Severance Is A Brilliant Spin On A Familiar Existential Nightmare
The question of what humanity or the mind really is has fueled science fiction and horror films for decades
Enter the new AppleTV+ show, Severance.
There are no clones, robots, cyborgs, or other created humans in Severance to discuss the nature of humanity. There are no flying cars, no amusement parks where rich assholes can live out their worst fantasies. Instead, there is just a company – Lumon – and its employees that exist in a world that could be here and now, in 2022, with just one key difference. At Lumon, employees can voluntarily undergo a surgical procedure called — wait — severance pay. Rupture is the act of implanting a “spatially controlled” microchip into a person’s brain, which literally splits their consciousness into two separate and unique halves, one of which is active while the person is in Lumon’s territory, and the other is active everywhere.
In the first episode of Breaking Up, we meet Helly R. (Britt Lower) who has just woken up in Lumon territory after going through the firing process. Except that she naturally doesn’t remember ever agreeing to it. We understand that this is part of the process – this version of Helly, the working version, is brand new. She retained some knowledge, she knows how to speak, and that the state of Delaware exists, but her memories of her family, her life up to this point, all her hopes, dreams and motives have disappeared. It’s exactly how it’s meant to be, and as her new boss Mark S. (Adam Scott) explains, the perfect result for a severance package.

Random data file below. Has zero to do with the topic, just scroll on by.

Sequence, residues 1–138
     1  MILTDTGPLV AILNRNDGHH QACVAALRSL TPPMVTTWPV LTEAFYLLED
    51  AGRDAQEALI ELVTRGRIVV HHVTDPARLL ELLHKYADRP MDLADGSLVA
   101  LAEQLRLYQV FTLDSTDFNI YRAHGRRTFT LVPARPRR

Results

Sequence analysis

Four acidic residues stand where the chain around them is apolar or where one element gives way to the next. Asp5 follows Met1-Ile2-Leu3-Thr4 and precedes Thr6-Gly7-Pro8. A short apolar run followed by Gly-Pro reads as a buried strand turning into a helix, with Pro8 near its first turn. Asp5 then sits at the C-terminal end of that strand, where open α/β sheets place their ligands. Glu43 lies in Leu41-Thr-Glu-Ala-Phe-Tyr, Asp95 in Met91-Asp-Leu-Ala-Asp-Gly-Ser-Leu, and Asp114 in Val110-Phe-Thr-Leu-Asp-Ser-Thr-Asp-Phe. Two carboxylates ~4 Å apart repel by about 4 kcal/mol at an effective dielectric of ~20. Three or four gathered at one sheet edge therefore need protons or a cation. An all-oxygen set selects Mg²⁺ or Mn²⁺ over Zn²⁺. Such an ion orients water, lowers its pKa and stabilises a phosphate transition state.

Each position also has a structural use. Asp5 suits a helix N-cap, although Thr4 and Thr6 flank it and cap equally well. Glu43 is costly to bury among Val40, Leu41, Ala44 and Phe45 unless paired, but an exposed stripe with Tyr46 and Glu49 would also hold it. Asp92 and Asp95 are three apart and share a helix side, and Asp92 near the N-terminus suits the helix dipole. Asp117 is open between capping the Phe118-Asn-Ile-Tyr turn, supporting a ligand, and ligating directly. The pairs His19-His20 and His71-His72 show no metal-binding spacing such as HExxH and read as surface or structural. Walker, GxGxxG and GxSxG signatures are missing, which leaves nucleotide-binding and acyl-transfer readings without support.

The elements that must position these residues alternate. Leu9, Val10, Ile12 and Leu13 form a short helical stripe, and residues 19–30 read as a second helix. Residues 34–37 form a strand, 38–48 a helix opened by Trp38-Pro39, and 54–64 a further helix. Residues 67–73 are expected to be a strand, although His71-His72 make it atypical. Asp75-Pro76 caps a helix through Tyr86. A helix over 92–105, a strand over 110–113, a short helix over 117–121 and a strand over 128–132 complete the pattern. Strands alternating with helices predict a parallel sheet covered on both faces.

With one important difference – technically they chose it for themselves. Or at least some part of them chose it for themselves. Although a severed person may be different in every way, it is still part of the whole person, right? A person who critically, voluntarily and consciously chose to undergo the procedure, aware of what it would do and the life they were creating for a different version of themselves.
This leads Severance to the tried and true question:
“What makes a man a man?” is a question that is much more unique and much more difficult. Are fired employees human? Of course, there is, there can be no doubt about it. But if that is the case, how is it ethical or moral to expect them to live in the same room doing the same task without being able to go out or choose anything for themselves? But if it is not ethical and moral, then how can we take into account the choice and free will of the person who decides to undergo the procedure?
Early in the season, w. This time it’s not about how we feel about something we created, but about how we feel about ourselves.